When you hit upon a memorable book title—and Joseph Conrad certainly did that way back in 1899—the book’s cover design is rightfully expected to give the title (and the story it encapsulates) equally memorable visual expression. The dozens of book cover designers of Conrad’s classic—and devastatingly bleak—novel have mostly taken a woefully literal approach, presenting various tableaux of generic landscapes and jungle scenes to illustrate the book’s brutal Congolese setting.
British artist Fiona Banner’s Heart of Darkness, a reinterpretation of Conrad’s story as a contemporary photographic essay, brings a modernist designer’s austere sensibility to the publication’s cover design, and, quite simply, gets to the heart of the matter. Seems Banner, an artist celebrated for her text-based compositions, knows that words this eloquent and powerful deserve to stand alone—in the dark.
The Swiss artist Sylvie Fleury has amassed a body of work informed by the world of fashion, luxury goods, and consumerism, all of which are presumably referenced in this 2009 typographic piece—an installation in which neon has seldom been applied to such refined effect.
So much for print being dead. This recent two-page spread in Britain’s The Guardian newspaper featured a compelling ad by a green energy company. Noting the nil effect that a major power station fire had on households using wind power, two words managed to tell the whole story—proving that when it comes to the printed word, even nothing can be quite something.
The Columbia-born, France-based contemporary artist Ivan Argote works in a range of media that includes painting, photography, sculpture, and video. Little wonder I’d be partial to this recent poetic installation, “Excerpt: Tell me Lies”—which may look like a serendipitously fractured urban wall, but is, in fact, a carefully composed hybrid of architecture and text, realized in concrete, paint, polyurethane, and steel.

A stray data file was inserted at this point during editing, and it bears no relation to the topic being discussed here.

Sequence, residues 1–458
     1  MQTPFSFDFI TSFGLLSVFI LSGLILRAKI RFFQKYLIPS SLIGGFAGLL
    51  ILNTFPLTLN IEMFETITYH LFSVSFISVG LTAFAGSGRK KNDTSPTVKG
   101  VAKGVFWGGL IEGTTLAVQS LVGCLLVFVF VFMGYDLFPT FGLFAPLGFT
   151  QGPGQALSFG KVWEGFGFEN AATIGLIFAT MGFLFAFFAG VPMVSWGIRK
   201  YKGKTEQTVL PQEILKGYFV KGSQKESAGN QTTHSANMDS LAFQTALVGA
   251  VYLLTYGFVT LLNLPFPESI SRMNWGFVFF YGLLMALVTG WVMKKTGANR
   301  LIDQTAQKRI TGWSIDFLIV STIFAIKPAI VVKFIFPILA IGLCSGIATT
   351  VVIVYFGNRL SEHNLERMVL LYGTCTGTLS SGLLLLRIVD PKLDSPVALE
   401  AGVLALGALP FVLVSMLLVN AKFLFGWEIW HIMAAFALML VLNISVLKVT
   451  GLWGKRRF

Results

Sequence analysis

“When English is not your first language, words can often sound conspicuous. I thought the word “exit” was the same as “exile.” Both words signify…a threshold you are crossing, not only physically, but symbolically as well.” Columbian artist Nicolas Consuegra, who spent formative creative years in New York City, knows something about feeling displaced—and finding expression in a modified Exit sign installation, created in 2006.
Being mindful of animal cruelty is neither obsessive nor compulsive, but I have to applaud “100% vegan and cruelty-free” Obsessive Compulsive Cosmetics for broaching a serious issue (or two?) with humor. And this color is nice, too.
It’s not every day that a 62 year-old female director makes the cover of Time magazine, and rarer still for a memorable piece of copy to find its way there. But this week’s Time goes arty and literary (though I really, really wish they had let that excellent headline stand alone).